Art tips and techniques and some reviews by illustrator Joe Corroney.
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COMICS 101 for 10/19/2006
The Horror Art of Bryan Baugh, Bill Bronson and Tom Mandrake, Movie Review - Dellamorte, Dellamore (a.k.a. Cemetery Man) and The Incredible Two-Headed Marathon III: Horror Hosts Gone Wild UPDATE!
For all of this month and just in time for my favorite holiday, Halloween, Comics 101 will be featuring articles of the more macabre variety as we focus on the theme of 'horror' (one of my favorite genres of comics and film). So here each week in October, sink your plastic fangs into a horror flavored Comics 101 feature!
For this week's feature I thought I'd shine the moontlight on some of my friends artwork from all corners of the Weird Wide Web. These 'horrific' illustrators specialize in tapping the darkest corners of their twisted imaginations and to get you primed for the unholiest of holidays I'm inviting you do some cadaverous cavorting at the following links.
First up, we have my pal Bryan Baugh, scare-meister extraordinaire...
Bryan is an animation storyboard artist for Sony Pictures having worked on Roughnecks: The Starship Troopers Chronicles, Men In Black and Batman to name a few. His characters, Wulf and Batsy, appearing in their first graphic novel titled We Have No Home, was published by Chanting Monks Studios with a cover illustration by renowned artist Joe Chiodo. Be sure to head over to their site and pick up a copy but in the meantime visit his Wulf and Batsy gallery.
Also, check out his book called Scared!: How to Draw Fantastic Horror Comics from Watson-Guptill.
Next up we have my fellow CCAD grad and arch-nemesis, Billy 'The Squid' Bronson. He's more tentacle now than man, twisted and evil. His first publication from SQP Publishing, Chicks and Monsters, collecting his illustrations and original stories is now available and you can check out this sneak preview.
If you enjoy these tasty morsels then whet your monstrous appetite at Bill's official site.
Saving the 'creepiest' for last, I dare you you to explore the artistic mysteries of Tom Mandrake. You've seen his work recently in Marvel's Punisher, Weapon X, The Hulk: Unchained and not to mention his fantastic work on DC's Batman, JLA: Destiny, Martian Manhunter and The Spectre. But if you haven't read his creator owned series from Image entitled Creeps, then you are definitely missing out! Chitter, Booger, Gelulite - these are just some of the creep-tastic characters you'll find lurking in the pages of this enjoyable spawn of comic evil from artist/creator Tom Mandrake and his partner in crime Dan Mishkin.
Sneak a peek at Creeps in his Buy Stuff section. If those pages don't freak you out then shamble on over to his portfolio page.
Tom and I collaborated on artwork for the award winning, independent horror/musical feature Zombie Prom and keep your eyes peeled for his new comic book Pat Novak For Hire written by Steven Grant available from Moonstone Books. Check out this sneak preview!
Movie Review - Dellamorte, Dellamore (a.k.a. Cemetery Man)
Zombies seem to be popping up, or rather rising up, left and right at the local cinema these days. The highly enjoyable and frightening 28 Days Later really kicked off the 'New Zombie Revolution' in spades. In the years since we've had a revoltingly rancid renaissance of horror flicks featuring our favorite kind of mindless monster from the superb Dawn of the Dead remake, the hilarious and yet still cringe-worthyShaun of the Dead and even a fourth entry in George Romero's 'Dead' franchise, Land of the Dead (starring Simon Baker, Asia Argento, Dennis Hopper and John Leguizamo and available on DVD as an unrated director's cut!). But for every movie of their caliber we get sucker punched with another lackluster Resident Evil, House of the Dead or even The Fog remake.
But fear not, oh lovers and perverse purveyors of resurrected, shambling corpses and freaky phenomenon. I've come bearing the decayed fruit of a true Italian horror gem of a movie known as Dellamorte, Dellamore (or Cemetary Man as it's referred to for it's American release). It will keep the loathsome depths of your nightmares filled with the morose melodies of incessant incorpreal wailing ... and will also actually enlighten you with it's layered philosophy on life and death and mysitfy you with it's incredibly stunning visuals.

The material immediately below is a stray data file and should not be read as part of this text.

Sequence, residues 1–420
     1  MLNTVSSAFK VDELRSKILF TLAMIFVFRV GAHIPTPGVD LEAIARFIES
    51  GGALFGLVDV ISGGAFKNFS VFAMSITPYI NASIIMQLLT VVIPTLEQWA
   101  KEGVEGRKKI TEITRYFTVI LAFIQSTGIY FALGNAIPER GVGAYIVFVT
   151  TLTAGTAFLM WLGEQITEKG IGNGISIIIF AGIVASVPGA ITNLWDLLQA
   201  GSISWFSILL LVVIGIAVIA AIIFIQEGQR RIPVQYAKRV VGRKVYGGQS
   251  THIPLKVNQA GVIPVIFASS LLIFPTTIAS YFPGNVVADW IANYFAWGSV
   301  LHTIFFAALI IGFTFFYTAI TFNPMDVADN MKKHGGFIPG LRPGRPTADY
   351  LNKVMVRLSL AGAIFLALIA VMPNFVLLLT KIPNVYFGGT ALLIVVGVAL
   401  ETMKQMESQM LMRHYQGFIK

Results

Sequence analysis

An 'artsy' zombie movie dare you say? As a matter of fact, yes.
Directed by Michele Soavi (The Church, The Devil's Daughter) Dellamorte, Dellamore is by far one of the most stylish and beautiful zombie films, or horror films for that matter, ever made. Soavi is the protege' to the Italian "giallo" master, Dario Argento. Argento is the auteur responsible for many an Italian horror masterpiece (also being responsible for 'producing' the lovely Asia Argento) including one of this comic book artist's favorites, the horrifically and hyponotically beautiful Suspiria. While watching Soavi's film one can easily see the influence from one of the masters of great Italian horror but this student of the macabre really comes into his own and excels in true form here.
Dellamorte, Dellamore is based on the novel by Tiziano Sclavi and is inspired by the popular Italian comic "Dylan Dog: The Detectives of Nightmares". The film is every bit as violent and gory as any good zombie flick should be but it's the style of direction, the execution of the story and the memorable characters that set this one above the rest in my book.
The film stars a ruggedly cool Rupert Everett (yep, the same un-ruggedly cool Rupert Everett from My Best Friend's Wedding) as pistol-packing cemetary night watchman Francesco Dellamore who must kill 'returners' - corpses who, for whatever reason, always come back to life seven days after they are laid to rest. Rupert plays the Francesco character like a horror version of the Spaghetti Western 'Man-With-No-Name' staple made famous by Clint Eastwood even moreso than a Bruce Campbell, zombie butt-kicking, 'Ash' type character that you might expect from this film.
He soon encounters a young widow, the insatiably beautiful Anna Falchi (trust me guys, this is the most gorgeous woman to grace a horror movie since the mouth-watering Hammer horror princess Caroline Munro in Captain Kronos: Vampire Hunter), visiting the cemetary to say her farewells to her deceased, elderly husband. After humiliating, seducing, and then accidentally murdering this woman known only as 'She', Francesco slowly slips into madness, starting to confuse the world of the living with the world of the dead. His delusions are spurned by his mad love for the woman he accidentally murdered who keeps "haunting" him and reappearing as different characters throughout the film.